This week, Chris Biggs Managing Director spoke to Money Marketing to offer his thoughts on what IR35 will mean for self-employed financial advisers and the financial services come April. The overall impact to businesses will depend on the size of the firm, number of contractors employed and how this number changes after April. He noted that he is seeing many companies opting to cut down on the number of freelance contractors in order to actively plan ahead of the new rulings coming into effect.
Expert view: Businesses must address IR35 compliance now or face the risks
Theta Global Advisors managing director Chris Biggs
The overall impact to businesses will depend on the size of the firm, number of contractors employed and how this number changes after April. Personally, I am seeing many companies opting to cut down on the number of freelance contractors in order to actively plan ahead of the new rulings coming into effect.
As it currently stands, there isn’t much information on actual fines levied on firms where HMRC’s ruling goes against them. However, there have been a number of high-profile fines noted in the press, such as NHS Digital’s multimillion-pound fine late last year following HMRC’s decision that it had set its contractors’ IR35 status incorrectly. HMRC will consider a range of factors and evidence when issuing fines and determining the fine’s magnitude, so depending on the severity, the fine could be significant.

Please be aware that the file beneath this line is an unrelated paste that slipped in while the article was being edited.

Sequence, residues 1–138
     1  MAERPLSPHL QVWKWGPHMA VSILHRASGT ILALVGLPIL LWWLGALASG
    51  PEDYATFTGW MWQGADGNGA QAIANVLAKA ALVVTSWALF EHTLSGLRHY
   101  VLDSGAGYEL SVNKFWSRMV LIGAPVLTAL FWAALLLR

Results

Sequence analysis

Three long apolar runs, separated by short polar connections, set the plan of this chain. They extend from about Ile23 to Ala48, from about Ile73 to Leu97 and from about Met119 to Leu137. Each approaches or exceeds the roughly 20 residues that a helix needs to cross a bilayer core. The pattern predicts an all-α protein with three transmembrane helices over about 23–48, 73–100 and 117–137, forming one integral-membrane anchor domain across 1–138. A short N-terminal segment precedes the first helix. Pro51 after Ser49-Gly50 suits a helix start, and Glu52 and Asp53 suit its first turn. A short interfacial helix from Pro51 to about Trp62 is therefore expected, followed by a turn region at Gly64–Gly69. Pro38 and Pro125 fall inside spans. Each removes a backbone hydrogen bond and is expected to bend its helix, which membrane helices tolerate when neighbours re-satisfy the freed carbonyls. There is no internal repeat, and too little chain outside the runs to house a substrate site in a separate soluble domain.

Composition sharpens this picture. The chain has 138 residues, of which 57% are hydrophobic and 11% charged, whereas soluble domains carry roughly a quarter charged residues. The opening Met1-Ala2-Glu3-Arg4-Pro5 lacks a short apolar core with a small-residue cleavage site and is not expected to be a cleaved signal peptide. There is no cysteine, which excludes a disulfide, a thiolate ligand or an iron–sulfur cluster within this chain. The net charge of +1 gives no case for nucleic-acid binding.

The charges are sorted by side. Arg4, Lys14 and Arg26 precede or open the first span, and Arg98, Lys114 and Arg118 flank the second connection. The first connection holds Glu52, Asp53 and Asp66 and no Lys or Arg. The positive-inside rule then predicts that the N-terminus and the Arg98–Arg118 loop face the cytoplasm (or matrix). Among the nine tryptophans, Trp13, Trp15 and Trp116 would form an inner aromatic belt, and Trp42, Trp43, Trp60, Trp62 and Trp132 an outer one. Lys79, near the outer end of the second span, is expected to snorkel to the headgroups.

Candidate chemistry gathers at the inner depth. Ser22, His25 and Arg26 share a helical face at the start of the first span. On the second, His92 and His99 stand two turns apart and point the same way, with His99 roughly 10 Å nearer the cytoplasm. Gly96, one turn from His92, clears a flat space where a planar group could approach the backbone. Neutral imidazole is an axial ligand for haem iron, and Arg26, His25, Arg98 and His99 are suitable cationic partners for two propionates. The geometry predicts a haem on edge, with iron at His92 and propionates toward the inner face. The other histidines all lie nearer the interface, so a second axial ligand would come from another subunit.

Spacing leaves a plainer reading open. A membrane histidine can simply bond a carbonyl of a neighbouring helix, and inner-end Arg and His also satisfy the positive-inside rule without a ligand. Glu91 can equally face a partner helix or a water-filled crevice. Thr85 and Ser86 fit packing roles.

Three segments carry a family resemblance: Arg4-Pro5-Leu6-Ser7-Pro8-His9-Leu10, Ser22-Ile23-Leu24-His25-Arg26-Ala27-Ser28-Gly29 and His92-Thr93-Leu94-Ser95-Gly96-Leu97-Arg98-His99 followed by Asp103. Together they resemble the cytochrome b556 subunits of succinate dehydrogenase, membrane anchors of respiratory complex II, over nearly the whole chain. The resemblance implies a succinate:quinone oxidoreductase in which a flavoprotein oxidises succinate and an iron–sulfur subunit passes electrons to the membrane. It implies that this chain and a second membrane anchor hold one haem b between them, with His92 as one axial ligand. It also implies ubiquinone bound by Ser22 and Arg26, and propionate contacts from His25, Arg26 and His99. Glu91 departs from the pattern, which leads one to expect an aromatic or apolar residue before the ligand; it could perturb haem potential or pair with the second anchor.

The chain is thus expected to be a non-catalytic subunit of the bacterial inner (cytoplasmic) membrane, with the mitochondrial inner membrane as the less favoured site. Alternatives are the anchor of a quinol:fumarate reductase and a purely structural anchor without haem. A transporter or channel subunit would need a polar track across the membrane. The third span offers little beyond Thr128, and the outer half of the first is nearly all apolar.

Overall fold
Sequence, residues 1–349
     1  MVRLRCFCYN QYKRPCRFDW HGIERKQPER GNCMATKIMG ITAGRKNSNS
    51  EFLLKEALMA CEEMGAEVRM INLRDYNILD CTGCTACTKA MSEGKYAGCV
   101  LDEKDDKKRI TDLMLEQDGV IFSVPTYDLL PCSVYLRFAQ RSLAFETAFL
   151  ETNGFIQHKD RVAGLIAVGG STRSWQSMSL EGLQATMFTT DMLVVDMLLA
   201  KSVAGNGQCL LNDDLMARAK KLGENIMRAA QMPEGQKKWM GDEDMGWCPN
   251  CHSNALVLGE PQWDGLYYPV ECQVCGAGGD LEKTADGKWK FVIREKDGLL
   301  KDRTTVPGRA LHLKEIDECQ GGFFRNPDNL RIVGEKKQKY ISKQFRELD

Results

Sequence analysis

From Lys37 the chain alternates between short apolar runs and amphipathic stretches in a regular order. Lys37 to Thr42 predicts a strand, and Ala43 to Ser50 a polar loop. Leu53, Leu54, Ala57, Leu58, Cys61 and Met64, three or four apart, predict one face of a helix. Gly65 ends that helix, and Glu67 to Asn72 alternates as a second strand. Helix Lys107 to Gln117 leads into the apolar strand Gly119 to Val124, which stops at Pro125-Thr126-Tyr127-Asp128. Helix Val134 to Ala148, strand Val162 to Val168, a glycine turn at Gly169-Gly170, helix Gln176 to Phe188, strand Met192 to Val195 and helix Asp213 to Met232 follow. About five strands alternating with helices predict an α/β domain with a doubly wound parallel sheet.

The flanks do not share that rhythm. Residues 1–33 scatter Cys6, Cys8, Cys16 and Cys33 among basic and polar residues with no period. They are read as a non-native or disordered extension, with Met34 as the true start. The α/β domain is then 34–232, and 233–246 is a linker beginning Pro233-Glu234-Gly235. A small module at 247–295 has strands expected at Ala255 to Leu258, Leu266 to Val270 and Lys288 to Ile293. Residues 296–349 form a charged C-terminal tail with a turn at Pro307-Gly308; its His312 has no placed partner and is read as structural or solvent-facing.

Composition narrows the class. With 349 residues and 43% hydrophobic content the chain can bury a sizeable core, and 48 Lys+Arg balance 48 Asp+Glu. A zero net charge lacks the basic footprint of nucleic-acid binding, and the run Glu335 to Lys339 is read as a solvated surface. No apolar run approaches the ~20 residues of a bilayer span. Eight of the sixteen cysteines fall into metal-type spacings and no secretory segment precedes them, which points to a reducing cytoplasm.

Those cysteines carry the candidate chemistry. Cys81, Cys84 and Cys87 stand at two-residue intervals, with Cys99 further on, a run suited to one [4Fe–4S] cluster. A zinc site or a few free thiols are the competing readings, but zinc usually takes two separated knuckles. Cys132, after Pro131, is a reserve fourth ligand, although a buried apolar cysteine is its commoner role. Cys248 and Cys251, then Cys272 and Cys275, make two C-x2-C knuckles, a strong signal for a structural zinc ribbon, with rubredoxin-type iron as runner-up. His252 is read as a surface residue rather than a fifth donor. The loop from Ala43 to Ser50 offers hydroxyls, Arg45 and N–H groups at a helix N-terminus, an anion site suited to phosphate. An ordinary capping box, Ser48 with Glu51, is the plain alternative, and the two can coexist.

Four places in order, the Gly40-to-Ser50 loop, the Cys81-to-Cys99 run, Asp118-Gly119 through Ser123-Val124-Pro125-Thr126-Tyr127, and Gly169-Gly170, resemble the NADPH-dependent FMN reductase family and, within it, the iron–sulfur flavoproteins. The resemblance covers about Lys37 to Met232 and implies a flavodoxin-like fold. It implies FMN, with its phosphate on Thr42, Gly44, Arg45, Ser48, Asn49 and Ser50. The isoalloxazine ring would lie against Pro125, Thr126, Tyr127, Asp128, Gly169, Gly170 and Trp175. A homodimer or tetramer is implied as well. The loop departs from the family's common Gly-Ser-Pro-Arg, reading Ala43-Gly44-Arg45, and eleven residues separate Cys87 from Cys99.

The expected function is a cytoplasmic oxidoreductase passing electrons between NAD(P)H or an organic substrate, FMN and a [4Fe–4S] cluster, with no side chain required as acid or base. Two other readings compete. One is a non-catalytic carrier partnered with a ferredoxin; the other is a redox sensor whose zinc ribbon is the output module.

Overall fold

Putting aside penalties, where contractors are deemed to be ‘employed’, the businesses employing them will have to deduct income tax and NI from payments made to the contractor and also pay employer’s NI. The employer’s NI would impact negatively on that business’s bottom line.
It remains to be seen whether contractors will be prepared to accept being taxed as an employee without receiving the same employment benefits as an employee; they may well expect to be treated equally to employees following any change in tax status, and there could be additional costs to the business associated with this.
Additionally, the business employing the contractors in question may incur additional costs in processing payments to contractors deemed to be within IR35.
Rather than paying contractors’ invoices directly, with the contractor being responsible for paying their own tax, the ‘employer’ may need to enrol the contractor on their payroll system to facilitate the correct calculation of PAYE and NICs.
If it is not practical or desirable to enrol ‘non-employees’ on to the payroll system, the business may have to incur additional cost in paying an intermediate company to perform this function.
Although I can’t comment on specific firms, large firms who utilise contractors who are subject to IR35 and depending on the structure of their engagement of such contractors together with their deemed IR35 status, could see an impact to their bottom line.
In my view, there are also important wider commercial business model impacts resulting from the change to the flexibility offered by using contractors, particularly in specialist areas. In regard to share price, similar firms in the marketplace with equal usage and engagement of contractors will likely be in a similar situation and so there may be a similar impact.
The need and effort to perform assessments will be considerable and those firms behind the curve in doing this will find themselves facing substantial risks.
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